We all have a right to privacy. It’s considered something so fundamental that we rail against anyone that tries to intrude on it. When we find out that an application is gathering information about us to target ads or sell to other interested parties it feels like a huge betrayal of trust. We lambast companies that don’t do everything possible to keep us safe.
However, when we step inside the enterprise it feels like a lot of that protection mechanism is suspended. How often do we hear things like “Your browsing traffic isn’t private” or something about not doing any personal business on the corporate network because it won’t be confidential due to security measures. It’s almost like our personal freedoms end at the door to our offices.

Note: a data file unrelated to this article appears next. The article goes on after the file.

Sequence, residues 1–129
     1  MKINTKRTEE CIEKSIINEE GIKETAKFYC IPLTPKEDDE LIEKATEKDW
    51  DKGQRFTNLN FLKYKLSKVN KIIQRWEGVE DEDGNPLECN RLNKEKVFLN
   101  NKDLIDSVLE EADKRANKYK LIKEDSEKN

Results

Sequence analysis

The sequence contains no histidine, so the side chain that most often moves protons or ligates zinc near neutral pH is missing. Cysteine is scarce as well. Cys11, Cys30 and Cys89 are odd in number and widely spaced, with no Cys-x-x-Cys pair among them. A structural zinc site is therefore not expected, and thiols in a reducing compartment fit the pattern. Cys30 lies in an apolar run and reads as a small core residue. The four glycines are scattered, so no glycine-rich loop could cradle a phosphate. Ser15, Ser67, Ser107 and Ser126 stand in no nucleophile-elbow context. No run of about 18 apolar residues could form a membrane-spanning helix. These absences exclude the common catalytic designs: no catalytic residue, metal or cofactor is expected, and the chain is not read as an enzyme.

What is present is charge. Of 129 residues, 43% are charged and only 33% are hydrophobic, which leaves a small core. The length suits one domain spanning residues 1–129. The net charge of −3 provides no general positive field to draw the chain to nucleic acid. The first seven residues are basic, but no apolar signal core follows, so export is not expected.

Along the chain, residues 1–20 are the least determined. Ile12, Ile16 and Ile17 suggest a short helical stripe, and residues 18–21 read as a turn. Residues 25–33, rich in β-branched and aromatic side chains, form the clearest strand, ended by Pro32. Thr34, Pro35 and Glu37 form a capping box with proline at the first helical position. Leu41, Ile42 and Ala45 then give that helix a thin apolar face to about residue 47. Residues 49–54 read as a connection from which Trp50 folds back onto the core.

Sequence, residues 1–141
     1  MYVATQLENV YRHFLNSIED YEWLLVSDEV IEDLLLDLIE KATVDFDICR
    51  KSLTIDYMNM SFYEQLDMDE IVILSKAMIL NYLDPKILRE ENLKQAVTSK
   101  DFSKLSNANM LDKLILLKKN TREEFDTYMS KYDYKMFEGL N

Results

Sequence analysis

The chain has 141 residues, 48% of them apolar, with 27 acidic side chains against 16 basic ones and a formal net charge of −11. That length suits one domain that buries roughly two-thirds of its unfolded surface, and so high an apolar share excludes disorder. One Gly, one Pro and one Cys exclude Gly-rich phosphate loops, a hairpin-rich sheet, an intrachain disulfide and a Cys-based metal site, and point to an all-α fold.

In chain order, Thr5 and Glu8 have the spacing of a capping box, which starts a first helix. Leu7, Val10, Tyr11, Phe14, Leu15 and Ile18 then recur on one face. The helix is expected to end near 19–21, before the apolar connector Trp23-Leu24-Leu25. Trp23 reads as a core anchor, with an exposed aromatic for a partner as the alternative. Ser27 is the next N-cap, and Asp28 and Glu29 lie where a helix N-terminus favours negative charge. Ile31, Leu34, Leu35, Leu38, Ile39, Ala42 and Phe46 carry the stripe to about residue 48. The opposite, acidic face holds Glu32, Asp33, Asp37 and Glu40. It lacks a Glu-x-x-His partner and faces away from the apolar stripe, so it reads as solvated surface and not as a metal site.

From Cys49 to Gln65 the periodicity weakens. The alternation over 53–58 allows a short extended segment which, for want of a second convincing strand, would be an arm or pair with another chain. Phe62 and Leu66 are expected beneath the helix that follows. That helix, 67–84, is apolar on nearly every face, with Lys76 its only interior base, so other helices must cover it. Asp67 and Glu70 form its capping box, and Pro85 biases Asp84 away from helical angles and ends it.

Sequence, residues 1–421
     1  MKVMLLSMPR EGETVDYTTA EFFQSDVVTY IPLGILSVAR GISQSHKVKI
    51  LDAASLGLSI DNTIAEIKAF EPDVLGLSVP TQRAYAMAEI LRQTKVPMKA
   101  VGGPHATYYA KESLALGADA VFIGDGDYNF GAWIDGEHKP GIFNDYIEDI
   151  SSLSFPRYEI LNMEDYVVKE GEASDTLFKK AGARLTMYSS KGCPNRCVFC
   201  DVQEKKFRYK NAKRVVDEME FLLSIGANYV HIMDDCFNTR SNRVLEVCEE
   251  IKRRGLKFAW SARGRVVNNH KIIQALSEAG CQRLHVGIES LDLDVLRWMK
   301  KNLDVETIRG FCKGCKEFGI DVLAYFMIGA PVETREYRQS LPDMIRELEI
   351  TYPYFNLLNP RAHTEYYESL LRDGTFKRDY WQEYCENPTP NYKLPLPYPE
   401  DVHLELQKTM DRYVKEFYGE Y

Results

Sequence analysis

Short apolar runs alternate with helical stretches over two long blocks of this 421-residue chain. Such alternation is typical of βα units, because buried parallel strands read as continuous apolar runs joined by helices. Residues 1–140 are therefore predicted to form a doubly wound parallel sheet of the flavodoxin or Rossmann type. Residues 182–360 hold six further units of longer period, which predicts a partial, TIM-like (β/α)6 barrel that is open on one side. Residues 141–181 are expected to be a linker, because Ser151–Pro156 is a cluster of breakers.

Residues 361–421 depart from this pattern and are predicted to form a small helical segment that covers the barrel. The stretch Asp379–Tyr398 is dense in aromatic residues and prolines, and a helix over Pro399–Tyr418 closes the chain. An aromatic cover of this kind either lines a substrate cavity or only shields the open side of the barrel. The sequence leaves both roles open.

Justin Warren has noticed this as well. He was a recent participant in a discussion panel at Security Field Day and he has some thoughts about the dichotomy between privacy and corporate security measures. In his words:
If they’re so bored and disengaged that they’re browsing gambling sites at work, why is their manager not already aware of this and doing something about it? Why are you, as an IT admin, getting involved in what is a management issue of someone who doesn’t report to you?
Why is surveillance of DNS so vital to securing your IT systems?
Justin has some more thought provoking ideas in his post that you definitely want to read here: Are We the DNS Baddies?